The aggregate spread differential between the market yield on agency MBS and the benchmark interest rates underlying our interest rate hedges widened modestly during the first quarter and was the primary driver of the 2.2% decline in our NAV per common share during the quarter to $22.09 as of March 31, 2016. Our NAV per common share improved slightly during the second quarter due to modest tightening of this spread, resulting in a 0.6% increase in our NAV per common share to $22.22 as of June 30, 2016. Taking into account quarterly dividends of $0.60 per common share, our economic returns were 0.4% and 3.3% for the first and second quarters, respectively.
The average projected CPR on our portfolio increased to 10.8% as of June 30, 2016, from 10.2% as of March 31, 2016 and 8.4% as of December 31, 2015, as prepayment expectations increased consistent with the decline in long-term interest rates. Although prepayment risk is elevated following the significant decline in rates, we do not presently expect a major increase in mortgage refinance activity comparable to 2012 due to a number of factors, including a reduced benefit of refinancing to borrowers relative to 2012 and borrower refinance "burnout," which refers to mortgage borrowers' declining likelihood of refinancing mortgages with continued availability of similar rate incentives. Nevertheless, given the current environment of elevated prepayment risk, careful asset selection will likely be an important determinant of actual prepayment speeds. As such, during the second quarter we increased our concentration in securities backed by loans with favorable prepayment characteristics and positioned our TBA securities in lower coupon holdings, which provide better protection against prepayments. As of June 30, 2016, 68% of our fixed-rate securities, excluding our net TBA position, consisted of securities backed by loans with favorable prepayment characteristics, which we categorize as lower loan balance mortgages with original loan balances of up to $150,000 and loans originated under the U.S. Government sponsored Home Affordable Refinance Program ("HARP") backed by 100% refinance loans with original loan-to-values of ≥ 80%. This compares to 62% and 63% of our fixed-rate securities, excluding our net TBA position, as of March 31, 2016 and December 31, 2015, respectively.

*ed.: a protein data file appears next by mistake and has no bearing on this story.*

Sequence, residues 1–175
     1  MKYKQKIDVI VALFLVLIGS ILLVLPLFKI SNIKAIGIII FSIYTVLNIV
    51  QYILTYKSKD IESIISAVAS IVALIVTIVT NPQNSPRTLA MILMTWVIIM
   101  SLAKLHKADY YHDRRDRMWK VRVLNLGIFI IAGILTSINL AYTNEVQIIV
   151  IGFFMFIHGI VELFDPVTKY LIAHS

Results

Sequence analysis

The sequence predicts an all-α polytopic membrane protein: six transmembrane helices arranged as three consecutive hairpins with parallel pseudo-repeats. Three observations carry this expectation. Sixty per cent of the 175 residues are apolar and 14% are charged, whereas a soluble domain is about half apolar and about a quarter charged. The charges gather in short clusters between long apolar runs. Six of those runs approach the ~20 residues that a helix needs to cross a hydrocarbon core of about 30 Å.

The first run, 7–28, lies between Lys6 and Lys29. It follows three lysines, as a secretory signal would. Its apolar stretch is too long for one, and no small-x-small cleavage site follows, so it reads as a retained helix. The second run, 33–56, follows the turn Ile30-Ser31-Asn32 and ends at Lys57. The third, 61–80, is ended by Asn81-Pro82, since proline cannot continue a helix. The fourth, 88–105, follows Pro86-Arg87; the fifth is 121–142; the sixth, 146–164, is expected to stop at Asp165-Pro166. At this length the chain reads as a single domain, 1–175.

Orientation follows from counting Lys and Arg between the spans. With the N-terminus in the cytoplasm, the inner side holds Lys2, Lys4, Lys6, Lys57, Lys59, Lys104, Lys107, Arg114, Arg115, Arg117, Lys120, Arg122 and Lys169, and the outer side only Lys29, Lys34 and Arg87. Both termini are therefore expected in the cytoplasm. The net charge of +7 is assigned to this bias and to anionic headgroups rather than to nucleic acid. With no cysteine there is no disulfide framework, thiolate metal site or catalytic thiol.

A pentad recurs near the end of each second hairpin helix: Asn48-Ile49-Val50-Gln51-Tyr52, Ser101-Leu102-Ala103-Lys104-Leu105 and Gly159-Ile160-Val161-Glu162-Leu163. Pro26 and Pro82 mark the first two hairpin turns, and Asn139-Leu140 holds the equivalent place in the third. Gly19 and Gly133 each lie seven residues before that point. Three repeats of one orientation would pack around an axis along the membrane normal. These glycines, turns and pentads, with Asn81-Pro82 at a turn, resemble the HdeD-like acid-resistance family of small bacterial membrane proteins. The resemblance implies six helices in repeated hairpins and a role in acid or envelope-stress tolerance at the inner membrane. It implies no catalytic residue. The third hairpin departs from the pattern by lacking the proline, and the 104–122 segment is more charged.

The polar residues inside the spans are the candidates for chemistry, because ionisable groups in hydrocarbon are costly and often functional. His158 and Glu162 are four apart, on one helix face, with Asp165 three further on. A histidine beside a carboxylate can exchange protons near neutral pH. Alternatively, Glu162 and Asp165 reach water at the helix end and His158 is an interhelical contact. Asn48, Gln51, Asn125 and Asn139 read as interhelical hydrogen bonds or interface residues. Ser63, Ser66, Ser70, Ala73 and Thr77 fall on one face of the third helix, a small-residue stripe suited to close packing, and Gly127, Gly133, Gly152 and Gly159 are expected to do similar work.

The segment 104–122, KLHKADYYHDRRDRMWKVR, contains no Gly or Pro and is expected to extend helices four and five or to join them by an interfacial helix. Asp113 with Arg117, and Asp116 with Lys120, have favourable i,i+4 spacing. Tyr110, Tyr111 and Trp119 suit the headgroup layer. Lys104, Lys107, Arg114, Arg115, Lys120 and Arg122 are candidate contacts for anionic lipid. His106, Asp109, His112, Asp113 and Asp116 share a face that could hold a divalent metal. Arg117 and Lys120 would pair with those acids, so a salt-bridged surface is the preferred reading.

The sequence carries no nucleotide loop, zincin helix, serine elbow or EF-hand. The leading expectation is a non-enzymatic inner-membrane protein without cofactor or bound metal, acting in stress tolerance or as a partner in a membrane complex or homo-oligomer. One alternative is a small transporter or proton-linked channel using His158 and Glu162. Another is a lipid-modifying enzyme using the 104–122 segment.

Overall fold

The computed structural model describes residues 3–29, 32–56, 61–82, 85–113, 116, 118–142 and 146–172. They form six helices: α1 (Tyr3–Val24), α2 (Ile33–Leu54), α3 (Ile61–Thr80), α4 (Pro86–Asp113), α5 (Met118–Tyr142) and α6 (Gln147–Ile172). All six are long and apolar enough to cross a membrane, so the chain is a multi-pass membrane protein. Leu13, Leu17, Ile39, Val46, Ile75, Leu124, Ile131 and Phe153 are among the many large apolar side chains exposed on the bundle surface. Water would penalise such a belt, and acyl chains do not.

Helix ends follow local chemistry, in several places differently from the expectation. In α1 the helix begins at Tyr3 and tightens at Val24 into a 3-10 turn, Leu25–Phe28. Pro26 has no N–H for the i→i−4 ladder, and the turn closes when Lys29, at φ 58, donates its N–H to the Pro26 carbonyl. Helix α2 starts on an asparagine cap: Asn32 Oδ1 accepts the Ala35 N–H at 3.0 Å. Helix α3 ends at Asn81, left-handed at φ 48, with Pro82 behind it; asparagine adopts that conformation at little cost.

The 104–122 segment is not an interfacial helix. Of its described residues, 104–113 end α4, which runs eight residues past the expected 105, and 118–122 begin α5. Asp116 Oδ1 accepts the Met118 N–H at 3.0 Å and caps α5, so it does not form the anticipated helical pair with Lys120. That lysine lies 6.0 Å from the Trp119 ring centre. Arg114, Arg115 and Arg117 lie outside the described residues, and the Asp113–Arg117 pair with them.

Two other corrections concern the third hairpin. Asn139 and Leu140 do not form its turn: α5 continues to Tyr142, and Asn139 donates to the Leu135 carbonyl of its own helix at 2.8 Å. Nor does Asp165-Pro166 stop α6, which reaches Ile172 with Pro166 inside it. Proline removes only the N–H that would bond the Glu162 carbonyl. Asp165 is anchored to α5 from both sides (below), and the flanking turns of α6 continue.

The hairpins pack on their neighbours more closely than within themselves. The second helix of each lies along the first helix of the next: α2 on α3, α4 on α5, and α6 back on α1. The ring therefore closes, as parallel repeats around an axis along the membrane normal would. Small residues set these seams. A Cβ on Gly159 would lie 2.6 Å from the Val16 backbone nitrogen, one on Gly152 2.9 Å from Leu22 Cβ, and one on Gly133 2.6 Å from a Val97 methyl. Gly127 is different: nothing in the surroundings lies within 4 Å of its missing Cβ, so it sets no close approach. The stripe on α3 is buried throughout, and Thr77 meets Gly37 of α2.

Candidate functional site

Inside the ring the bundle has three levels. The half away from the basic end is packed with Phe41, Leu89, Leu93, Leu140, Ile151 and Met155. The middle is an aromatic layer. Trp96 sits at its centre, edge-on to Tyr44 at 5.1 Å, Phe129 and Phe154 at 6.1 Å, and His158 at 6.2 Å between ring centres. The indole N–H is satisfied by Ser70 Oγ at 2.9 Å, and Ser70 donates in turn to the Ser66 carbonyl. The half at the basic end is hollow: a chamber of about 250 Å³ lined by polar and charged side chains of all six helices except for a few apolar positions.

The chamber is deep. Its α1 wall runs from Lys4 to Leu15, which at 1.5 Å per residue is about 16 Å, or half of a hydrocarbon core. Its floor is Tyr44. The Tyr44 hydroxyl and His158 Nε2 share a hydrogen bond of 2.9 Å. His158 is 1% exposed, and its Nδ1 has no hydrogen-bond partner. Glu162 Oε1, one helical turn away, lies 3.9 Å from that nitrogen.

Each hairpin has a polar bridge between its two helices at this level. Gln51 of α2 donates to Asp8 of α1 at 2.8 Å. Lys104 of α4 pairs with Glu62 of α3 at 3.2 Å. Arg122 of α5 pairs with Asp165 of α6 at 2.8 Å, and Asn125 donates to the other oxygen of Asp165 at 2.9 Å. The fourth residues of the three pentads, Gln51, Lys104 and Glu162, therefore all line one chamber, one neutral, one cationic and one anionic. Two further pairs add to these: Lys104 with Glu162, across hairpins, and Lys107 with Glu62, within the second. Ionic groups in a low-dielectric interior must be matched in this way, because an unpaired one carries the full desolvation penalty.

Given our view that rates in the U.S. will remain relatively range bound, during the first two quarters of the year, we adjusted the composition of our hedge portfolio and lowered our hedge ratio to 79% of our funding liabilities and net TBA position as of June 30, 2016, compared to 83% and 87% as of March 31, 2016 and December 31, 2015, respectively. Our net "duration gap," which is a measure of the risk due to mismatches that can occur between our assets and liabilities, inclusive of hedges, caused by an instantaneous parallel shift in interest rates, also declined from 0.8 years as of December 31, 2015 to a net duration gap of zero as of the end of the first and second quarters. Coupled with attractive investment opportunities in agency MBS, we also chose to increase our "at risk" leverage to an average of 7.2x during the first two quarters, compared to 6.8x as of December 31, 2015 and a low of 6.1x as of June 30, 2015.
For the estimated impact of changes in interests rates and mortgage spreads on our net book value please refer to "Quantitative and Qualitative Disclosures about Market Risk" under Item 3 of this Quarterly Report on Form 10-Q.